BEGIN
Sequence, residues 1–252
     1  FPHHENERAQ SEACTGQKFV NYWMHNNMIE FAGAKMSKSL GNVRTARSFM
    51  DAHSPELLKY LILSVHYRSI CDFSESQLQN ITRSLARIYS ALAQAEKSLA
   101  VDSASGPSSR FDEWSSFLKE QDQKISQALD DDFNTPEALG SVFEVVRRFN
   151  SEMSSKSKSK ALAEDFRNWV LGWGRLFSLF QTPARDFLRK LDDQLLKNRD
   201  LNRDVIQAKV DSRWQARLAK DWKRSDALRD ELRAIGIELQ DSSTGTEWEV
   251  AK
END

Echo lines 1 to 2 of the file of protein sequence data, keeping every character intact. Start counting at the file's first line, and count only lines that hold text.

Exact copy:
Sequence, residues 1–252
     1  FPHHENERAQ SEACTGQKFV NYWMHNNMIE FAGAKMSKSL GNVRTARSFM